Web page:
Stunning “96 Minutes” Recalls U.T. Tower Tragedy

When I graduated from The University of Texas in May of 1966, I flew back to my home state of New York where a successful audition had won me a place in that fall’s incoming class at The American Academy of Dramatic Arts. I had no way of knowing that within weeks of my departure from the Austin I had come to love, the city and campus would face the unimaginable horror of Charles Whitman’s murderous rampage from the Texas Tower. Similarly, when I attended this month’s Montgomery College premiere production of “96 Minutes,” I had no way of knowing I would be confronted with a brilliant piece of theatre that would vividly capture both the heroism and the horror of that fateful day in Texas history. Readers please note: Unless you are permanently bedridden, don’t miss this riveting tale of bravery overcoming tragedy. You will be in at the beginning of a journey that I feel certain will bring this play to deserved national attention. In fact, it is already selected as a participating entry in the Kennedy Center American College Theatre Festival, with a competition performance scheduled for later this month.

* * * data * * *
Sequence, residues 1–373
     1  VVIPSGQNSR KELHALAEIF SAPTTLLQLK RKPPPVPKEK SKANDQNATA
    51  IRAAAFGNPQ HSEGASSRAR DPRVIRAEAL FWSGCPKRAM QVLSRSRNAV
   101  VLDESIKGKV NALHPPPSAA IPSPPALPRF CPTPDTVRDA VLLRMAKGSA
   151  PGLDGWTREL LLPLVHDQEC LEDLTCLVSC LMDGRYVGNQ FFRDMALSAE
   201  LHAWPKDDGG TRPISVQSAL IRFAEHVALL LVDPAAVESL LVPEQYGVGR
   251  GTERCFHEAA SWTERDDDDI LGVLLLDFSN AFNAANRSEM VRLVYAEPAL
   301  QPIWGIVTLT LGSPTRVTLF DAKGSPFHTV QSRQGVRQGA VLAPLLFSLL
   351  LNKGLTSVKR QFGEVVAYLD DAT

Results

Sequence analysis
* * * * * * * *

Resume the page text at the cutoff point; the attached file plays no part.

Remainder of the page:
Conceived and directed by Montgomery College Assistant Professor of Drama, Chase Waites, “96 Minutes” is Mr. Waites’ adaptation of the August 2006 story of the same name, published in “Texas Monthly” and written by Pamela Colloff. This production represents a unique collaboration between the college and “Texas Monthly” magazine. The director seems to be aware of Thoreau’s caution to, “Simplify! Simplify!” There are plain, everyday costumes (coordinator, Stephen Blaschke), essentially no sets or physical action, and the play is performed without an intermission. Sounds boring? Not at all!